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Chagall, chronicler of a century's triumphs, terrors

Chagall, 1957, photographed by Alexander Liberman. ''He developed a radical, original style,'' writes Wullschlager. Chagall, 1957, photographed by Alexander Liberman. ''He developed a radical, original style,'' writes Wullschlager. (Research Library, The Getty Research Institute, 2000)
By Michael Kammen
January 18, 2009
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CHAGALL:
A Biography

By Jackie Wullschlager
Knopf, 582 pp., illustrated, $40

Marc Chagall, who died in 1985 at age 97, is best remembered for his vivid colors, his villagers and animals floating through the air untethered to the homely realities of his native town in the Russian Jewish Pale, but above all, perhaps, for his fiddler on the roof ("The Violinist," 1913), adapted long after he first painted it as an exuberant symbol of poverty but also the simple joys of life in a rustic community.

Among many he is also known for the glorious big projects of his later years: two stunning murals at the Metropolitan Opera; the stained-glass window "Peace" at the United Nations; the stunning ceiling he designed for the Paris Opera; his 12 stained-glass windows for the Hebrew University in Jerusalem; and for windows at churches in France, his adopted country.

Although his work and persona may have been unique, we learn a great deal about the influences that shaped him from this first full-scale biography, "Chagall," by Jackie Wullschlager, the chief art critic for the Financial Times. When Chagall was asked in the 1960s about the most essential influences on his painting, he specified the mysticism of Hasidic Judaism, the will to construct, and the mystique of Russian icons. We learn that he was more responsive to writers than artists, though Gauguin's primitivism clearly had considerable impact, as did Cubism during his first stay in Paris (1911-14), and then Rembrandt, especially when Chagall became intrigued with etching projects. Mystical and highly spiritual artists like El Greco also had notable appeal.

Chagall painted numerous self-portraits but created many more works inspired by his first wife and beloved soul mate, Bella Rosenfeld, immortalized as the lithe and lovely spectral figure whose hand he holds or whom he locks in a firm embrace.

Although Chagall's style remained astonishingly consistent, it passed through substantive phases, ranging from the fantasy-land village motifs of life and death to more nostalgic themes during the 1930s, when his exile from Bolshevik Russia saddened him, and then Bella's death in 1944, which crippled him emotionally for six months, and finally to the promptings of memory in his later years, when he became famous and wealthy, living on the French Riviera with his second wife, and Picasso and Matisse his neighbors.

The role of religion in Chagall's life, work, and identity is very complex and perhaps deserved more extended commentary. Although he ceased to be a believer at the age of 13 and remained nonobservant throughout his life, Jewish concerns and themes pervade his work. But so does Christian iconography, including madonnas, angels, numerous crucifixion scenes, small and large, sometimes with his own name in Hebrew letters above the head of Jesus, where the acronym INRI would customarily appear in traditional Catholic art, and a Jewish tallith (prayer shawl) wrapped around the loins in "White Crucifixion" (1938). None of his appropriated symbolism seems to have prompted hostility, and his later years were replete with commissions from Catholic and Protestant churches and organizations.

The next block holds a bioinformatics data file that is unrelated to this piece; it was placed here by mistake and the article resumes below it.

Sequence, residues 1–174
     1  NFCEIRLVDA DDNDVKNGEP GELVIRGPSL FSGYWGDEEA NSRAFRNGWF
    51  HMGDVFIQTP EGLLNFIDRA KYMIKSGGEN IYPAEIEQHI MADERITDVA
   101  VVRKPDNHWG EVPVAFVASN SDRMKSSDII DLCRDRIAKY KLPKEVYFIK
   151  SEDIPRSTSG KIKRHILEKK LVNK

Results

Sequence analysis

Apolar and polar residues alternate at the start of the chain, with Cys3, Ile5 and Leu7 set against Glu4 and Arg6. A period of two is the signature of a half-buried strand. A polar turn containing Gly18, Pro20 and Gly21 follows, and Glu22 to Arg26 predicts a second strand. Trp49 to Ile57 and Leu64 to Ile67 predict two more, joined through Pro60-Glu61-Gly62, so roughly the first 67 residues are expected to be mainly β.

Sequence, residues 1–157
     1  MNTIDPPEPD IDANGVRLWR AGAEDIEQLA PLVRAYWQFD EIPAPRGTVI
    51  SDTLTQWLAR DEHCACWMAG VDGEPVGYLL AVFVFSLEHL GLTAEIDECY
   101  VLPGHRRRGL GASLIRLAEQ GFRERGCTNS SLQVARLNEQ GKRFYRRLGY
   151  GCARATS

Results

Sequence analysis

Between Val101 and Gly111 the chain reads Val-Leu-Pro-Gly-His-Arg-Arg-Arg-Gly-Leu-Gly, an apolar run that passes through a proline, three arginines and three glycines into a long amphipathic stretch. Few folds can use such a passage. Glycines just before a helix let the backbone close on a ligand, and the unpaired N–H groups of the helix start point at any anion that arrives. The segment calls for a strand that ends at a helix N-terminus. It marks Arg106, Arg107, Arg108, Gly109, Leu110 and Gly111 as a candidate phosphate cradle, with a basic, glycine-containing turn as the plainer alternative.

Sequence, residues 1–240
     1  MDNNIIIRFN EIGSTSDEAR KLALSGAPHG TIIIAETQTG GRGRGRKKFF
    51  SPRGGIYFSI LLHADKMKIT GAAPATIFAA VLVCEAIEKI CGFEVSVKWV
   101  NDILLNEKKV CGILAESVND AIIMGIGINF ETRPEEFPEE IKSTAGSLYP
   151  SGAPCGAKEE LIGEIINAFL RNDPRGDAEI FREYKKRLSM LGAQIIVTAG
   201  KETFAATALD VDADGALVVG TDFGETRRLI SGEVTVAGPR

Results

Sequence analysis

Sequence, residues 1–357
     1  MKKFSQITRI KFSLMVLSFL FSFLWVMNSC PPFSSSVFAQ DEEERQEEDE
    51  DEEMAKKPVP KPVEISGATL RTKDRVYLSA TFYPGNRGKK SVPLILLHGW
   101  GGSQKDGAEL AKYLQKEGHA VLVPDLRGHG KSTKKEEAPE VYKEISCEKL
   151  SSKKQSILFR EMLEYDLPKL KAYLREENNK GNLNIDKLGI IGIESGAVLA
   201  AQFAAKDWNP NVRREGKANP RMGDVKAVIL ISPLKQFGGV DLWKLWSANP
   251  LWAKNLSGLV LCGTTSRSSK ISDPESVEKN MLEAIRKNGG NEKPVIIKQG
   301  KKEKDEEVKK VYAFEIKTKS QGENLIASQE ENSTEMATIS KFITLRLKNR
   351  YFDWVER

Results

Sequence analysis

It is ironic and noteworthy that Chagall's work was first appreciated and sold well in Weimar Germany during the 1920s, though his dealer there basically cheated the artist of money he desperately needed for survival, part of a recurring pattern in his early years. A second irony is that Apollinaire and the Surrealists acknowledged Chagall as a kind of precursor, even founder, when they emerged on the scene in 1923-24, a role that Chagall rejected. For much of his life Chagall could not fully control his own identity and destiny.

Wullschlager provides a gripping account of Chagall and Bella's desperate escape from Marseilles to the United States in 1941 by way of a precarious train to Lisbon, where they waited an agonizing month for a ship to New York. There they were met by Pierre Matisse, the artist's dealer son, and settled in, though Bella's health declined steadily. Chagall refused to learn a word of English. Although he drew and painted, including the lyrical "Double Portrait With Wineglass," in which the exuberant artist seems to ride on his young bride's shoulders, there was little market for his work during the war. Being in America did, however, provide him an opportunity to paint large stage sets, and that experiment with work on a vast scale would become crucial for his increasingly major works in glass, paint, and ceramic after the war, including the fabulous four seasons mosaic that he later designed for Chicago in 1972-74. In 1948 he returned permanently to France.

I find Wullschlager's judgment somewhat harsh when she repeatedly insists that Chagall did his best work early on. It's true that the major motifs, stylistic devices, and intense coloration all appeared early. But Chagall steadily revised and at times even reinvented his themes as he became exposed to works by old masters in museums around the world. Visiting the Louvre early had been an eye-opener for him, and that experience recurred often with refreshing results. Although it cannot be said that Chagall repeatedly grew and changed the way Picasso did, neither did anyone else.

Michael Kammen is the author of "A Time to Every Purpose: The Four Seasons in American Culture."

CHAGALL: A Biography By Jackie Wullschlager

Knopf, 582 pp., illustrated, $40

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